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Exercise Motivation and Self-Efficacy Vary Among Patients with Heart Failure – An Explorative Analysis Using Data from the HF-Wii Study



To examine profiles in patients with heart failure (HF) regarding their exercise motivation and self-efficacy.

Patients & methods

The baseline data of patients with HF participating in the HF-Wii study were analysed. In total, 517 patients were divided into four groups based on their exercise motivation (exercise motivation index) and self-efficacy (exercise self-efficacy scale). To describe the differences in demographic and clinical variables between the groups, chi-square cross-tabulations and ANOVAs were conducted.


The four groups were labelled as insecure avoiders (25%), laid-back strugglers (10%), conscientious self-doubters (42%) and determined achievers (22%). Patients' profiles differ according to their motivations and self-efficacy towards exercise. Most patients were conscientious self-doubters (high motivation and low self-efficacy), and these patients had more comorbidities and lower exercise capacity compared to the other groups, which could decrease their confidence in exercising. However, only half of the patients who were determined achievers (high motivation and high self-efficacy) reached the recommended amount of physical activity per week. This indicates that motivation and self-efficacy are crucial determinants, but more factors are important for becoming more physically active.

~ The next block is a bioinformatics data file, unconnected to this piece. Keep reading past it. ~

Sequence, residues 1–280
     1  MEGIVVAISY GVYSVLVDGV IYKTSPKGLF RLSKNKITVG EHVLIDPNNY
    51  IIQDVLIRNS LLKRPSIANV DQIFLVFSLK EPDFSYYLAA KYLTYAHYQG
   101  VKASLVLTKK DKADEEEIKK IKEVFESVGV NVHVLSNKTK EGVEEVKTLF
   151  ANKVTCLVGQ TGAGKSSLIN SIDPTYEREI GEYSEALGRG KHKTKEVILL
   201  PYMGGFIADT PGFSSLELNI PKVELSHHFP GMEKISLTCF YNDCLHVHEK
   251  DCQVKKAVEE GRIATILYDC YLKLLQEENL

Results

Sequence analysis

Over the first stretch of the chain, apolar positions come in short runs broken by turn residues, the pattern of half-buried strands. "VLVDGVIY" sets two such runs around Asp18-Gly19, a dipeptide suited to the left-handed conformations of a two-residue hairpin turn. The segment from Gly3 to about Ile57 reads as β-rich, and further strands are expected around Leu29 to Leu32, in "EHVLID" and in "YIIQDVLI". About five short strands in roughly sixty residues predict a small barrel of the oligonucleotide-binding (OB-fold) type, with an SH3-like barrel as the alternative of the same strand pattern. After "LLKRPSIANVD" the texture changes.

Understanding patients' motivations and self-efficacy are necessary in order to provide meaningful physical activity counselling and promotion.

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